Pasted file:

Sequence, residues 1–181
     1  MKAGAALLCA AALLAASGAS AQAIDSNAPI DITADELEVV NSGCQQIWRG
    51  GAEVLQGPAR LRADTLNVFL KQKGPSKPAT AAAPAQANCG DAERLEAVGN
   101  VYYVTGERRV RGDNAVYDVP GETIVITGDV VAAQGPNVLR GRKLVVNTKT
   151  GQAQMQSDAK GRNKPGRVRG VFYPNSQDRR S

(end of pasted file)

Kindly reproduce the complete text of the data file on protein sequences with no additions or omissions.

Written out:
Sequence, residues 1–181
     1  MKAGAALLCA AALLAASGAS AQAIDSNAPI DITADELEVV NSGCQQIWRG
    51  GAEVLQGPAR LRADTLNVFL KQKGPSKPAT AAAPAQANCG DAERLEAVGN
   101  VYYVTGERRV RGDNAVYDVP GETIVITGDV VAAQGPNVLR GRKLVVNTKT
   151  GQAQMQSDAK GRNKPGRVRG VFYPNSQDRR S